Video shared by Jay Shetty

Sunday, March 27, 2016

Codependency - Here's What I Have Learned

I used to know someone who had an addictive personality.

He chose to deal with things by relying on something to ease the pain of life, depression, suicidal tendencies and while doing so, it helped him deal with my co-dependency.  We both were aware of his issues and I always thought I was the one to live with the burden of his addiction.  I felt so much love for him that I made his problems mine, because both of us took on each others pain, depression, etc.  In a healthy relationship, when one is down, the other is there to lift them back up and help them see things differently.  We did not function that way.  

I found myself so tired of taking on his emotions and trying to walk on egg shells to keep him from going over the edge.  Things that bothered me were not talked about, I learned to keep them in.  Too long of doing this causes resentment and detachment.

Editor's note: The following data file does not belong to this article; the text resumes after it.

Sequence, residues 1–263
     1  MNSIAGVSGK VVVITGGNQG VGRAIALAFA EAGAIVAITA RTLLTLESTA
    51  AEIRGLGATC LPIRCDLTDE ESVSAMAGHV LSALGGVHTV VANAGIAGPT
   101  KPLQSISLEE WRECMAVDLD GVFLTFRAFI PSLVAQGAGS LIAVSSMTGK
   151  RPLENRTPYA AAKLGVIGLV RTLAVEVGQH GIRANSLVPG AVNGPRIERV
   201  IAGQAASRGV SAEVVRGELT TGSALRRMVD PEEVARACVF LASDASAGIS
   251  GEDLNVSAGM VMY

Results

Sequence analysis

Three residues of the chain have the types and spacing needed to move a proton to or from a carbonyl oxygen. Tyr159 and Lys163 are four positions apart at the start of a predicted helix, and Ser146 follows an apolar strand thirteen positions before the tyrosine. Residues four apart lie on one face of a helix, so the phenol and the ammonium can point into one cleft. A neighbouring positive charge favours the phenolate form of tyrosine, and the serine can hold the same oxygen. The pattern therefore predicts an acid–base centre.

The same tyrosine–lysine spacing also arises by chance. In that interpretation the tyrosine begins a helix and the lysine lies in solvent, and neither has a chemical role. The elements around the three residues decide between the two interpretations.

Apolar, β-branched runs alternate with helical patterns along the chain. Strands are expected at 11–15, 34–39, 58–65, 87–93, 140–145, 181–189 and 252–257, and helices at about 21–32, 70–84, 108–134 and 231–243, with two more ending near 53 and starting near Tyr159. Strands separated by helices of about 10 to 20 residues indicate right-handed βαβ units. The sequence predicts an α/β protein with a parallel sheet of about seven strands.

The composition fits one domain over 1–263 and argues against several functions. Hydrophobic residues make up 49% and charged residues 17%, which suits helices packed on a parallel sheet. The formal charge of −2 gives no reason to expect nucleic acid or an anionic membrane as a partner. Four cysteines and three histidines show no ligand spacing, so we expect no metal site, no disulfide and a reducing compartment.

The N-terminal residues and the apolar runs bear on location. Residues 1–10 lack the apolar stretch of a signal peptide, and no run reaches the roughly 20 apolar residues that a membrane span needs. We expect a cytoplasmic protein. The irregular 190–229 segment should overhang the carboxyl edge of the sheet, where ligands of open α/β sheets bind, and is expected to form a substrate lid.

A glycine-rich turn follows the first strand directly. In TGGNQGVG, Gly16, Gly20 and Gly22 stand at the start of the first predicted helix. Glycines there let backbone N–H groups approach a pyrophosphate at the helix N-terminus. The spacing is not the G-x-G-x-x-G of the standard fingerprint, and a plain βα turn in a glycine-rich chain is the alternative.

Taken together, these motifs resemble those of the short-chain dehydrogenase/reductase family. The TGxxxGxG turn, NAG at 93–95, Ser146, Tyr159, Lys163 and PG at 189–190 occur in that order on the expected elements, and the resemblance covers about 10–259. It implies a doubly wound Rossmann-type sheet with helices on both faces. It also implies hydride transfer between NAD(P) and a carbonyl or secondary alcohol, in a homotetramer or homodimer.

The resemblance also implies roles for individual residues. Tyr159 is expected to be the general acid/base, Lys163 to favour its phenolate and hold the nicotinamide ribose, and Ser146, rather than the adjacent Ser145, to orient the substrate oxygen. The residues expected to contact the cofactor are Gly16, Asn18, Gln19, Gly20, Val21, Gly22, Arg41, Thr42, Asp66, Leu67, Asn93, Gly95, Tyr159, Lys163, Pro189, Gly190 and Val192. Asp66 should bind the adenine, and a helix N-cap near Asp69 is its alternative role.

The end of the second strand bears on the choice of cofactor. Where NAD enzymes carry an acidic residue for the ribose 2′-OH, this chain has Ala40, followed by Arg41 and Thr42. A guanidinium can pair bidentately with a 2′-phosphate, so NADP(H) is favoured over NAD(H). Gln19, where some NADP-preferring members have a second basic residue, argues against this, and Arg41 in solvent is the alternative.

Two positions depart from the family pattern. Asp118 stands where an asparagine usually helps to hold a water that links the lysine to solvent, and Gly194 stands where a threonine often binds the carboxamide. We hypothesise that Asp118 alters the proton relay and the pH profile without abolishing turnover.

What I haven't mentioned is that, he never asked me to take these things on.  There is no fault or blame today.  I struggled silently with my own pain and depression and, unknowingly, my own co-dependency.  It's so much easier to avoid your own issues when you are so focused on making someone else better and then resenting them for their mistakes.

If you are like me and have misconceptions or are unsure of what it means to be codependent, let me give you it's meaning:

A codependent person is one who has let another
person's behavior affect him or her, and who is
 obsessed with controlling that person's behavior.

So all those times that I prided myself on being a caring, compassionate, empathetic person, I was taking it a little too far.  I worried so much about trying to do the right thing in my relationship and for my kids, that I just needed to step back and let the man that I still, to this day love, handle his own shit!